I don't think Ava has a wheat/gluten sensitivity. She likes to gum toasted bread when she is teething and she eats crumbs here and there. Does not seem to bother her.

    I'll pick up some chewable vitamins for her today - let's see if she'll go for those.

    Also, I stopped pumping before I go to work, because it doesn't seem worth the effort, she drinks so little of it. Plus, my breasts got quite irritated when I did it. Since Ava nurses frequently all day, I don't get engorged and in order to get enough milk with the pump, I have to turn the suction to max. It doesn't feel good to do this for 10+ minutes at a stretch. So, I just try to "tank her up" right before I leave.

    BTW, last night she actually ate 4 bites of broccoli and a quarter pierogi - we were ecstatic!!!
    Last edited by Heike; February 20th, 2006 at 02:51 PM.

  5. #15
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    Feb 2006
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    39

    Default Re: seeking EBF advice: skinny baby refusing solids

    Breastmilk has cholesterol, and all the "good" fats. It has more fats than any solids you can find. Breastfed babies do not follow the same growth pattern as ff babies. They tend to grow faster in the first 6 months (thus being higher on a percentile chart), and then slow down for the second 6 months (thus "falling" on the percentile charts). This is a very normal growth pattern.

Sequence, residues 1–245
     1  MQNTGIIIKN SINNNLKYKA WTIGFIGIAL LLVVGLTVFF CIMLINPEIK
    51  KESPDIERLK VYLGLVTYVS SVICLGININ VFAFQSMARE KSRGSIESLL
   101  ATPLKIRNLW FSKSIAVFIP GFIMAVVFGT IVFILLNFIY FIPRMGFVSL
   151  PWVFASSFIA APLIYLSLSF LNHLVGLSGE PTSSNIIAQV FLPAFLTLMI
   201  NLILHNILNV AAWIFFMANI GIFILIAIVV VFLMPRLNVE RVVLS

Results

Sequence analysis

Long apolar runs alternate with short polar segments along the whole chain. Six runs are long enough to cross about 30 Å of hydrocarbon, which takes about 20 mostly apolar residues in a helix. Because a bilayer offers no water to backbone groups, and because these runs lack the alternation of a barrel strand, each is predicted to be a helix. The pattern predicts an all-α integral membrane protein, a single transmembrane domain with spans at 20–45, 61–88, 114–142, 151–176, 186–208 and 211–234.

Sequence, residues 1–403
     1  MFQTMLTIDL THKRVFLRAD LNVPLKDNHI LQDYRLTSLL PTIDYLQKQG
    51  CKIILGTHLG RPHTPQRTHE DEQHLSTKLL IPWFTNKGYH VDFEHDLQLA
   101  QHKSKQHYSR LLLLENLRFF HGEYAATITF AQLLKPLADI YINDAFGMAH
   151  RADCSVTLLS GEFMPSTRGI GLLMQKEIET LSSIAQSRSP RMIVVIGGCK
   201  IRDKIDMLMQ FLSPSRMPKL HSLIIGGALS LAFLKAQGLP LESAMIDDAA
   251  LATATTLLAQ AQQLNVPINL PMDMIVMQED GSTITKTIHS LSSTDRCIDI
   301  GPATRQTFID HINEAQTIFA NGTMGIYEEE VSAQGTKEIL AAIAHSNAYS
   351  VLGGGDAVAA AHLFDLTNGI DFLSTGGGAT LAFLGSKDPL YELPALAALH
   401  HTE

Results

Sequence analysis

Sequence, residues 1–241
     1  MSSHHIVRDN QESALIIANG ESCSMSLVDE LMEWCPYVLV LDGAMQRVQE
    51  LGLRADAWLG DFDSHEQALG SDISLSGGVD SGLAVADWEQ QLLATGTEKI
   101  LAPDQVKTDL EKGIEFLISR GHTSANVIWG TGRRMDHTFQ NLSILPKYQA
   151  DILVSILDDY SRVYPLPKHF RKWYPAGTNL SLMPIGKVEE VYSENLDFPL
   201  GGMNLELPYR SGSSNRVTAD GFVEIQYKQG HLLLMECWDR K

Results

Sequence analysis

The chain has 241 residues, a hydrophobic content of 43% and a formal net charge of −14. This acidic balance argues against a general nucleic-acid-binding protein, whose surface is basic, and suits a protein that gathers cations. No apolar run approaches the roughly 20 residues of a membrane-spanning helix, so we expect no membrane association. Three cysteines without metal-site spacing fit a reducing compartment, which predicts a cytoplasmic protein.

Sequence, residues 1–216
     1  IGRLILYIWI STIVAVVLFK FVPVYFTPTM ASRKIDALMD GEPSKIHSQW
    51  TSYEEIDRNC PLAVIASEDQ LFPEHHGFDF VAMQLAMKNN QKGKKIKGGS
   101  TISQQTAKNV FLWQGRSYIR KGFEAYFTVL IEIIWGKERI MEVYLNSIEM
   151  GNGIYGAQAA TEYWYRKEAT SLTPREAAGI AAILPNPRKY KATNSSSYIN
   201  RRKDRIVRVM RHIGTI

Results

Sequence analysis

I have two friends who have "struggled" with babies who somehow don't measure up to some chart. My college roommate's daughter LOVED solids, and ate like a horse, but there were still all these concerns about her weight. But, if you look at pictures of her mother as a child, you will see that she was TINY, maybe 100 pounds when she graduated from high school. Her 2-year-old dd is still small, but actually now weighs MORE than my ds. (Luckily I have a doc who is well-educated on bf and doesn't freak out just because he falls off a curve on the chart.)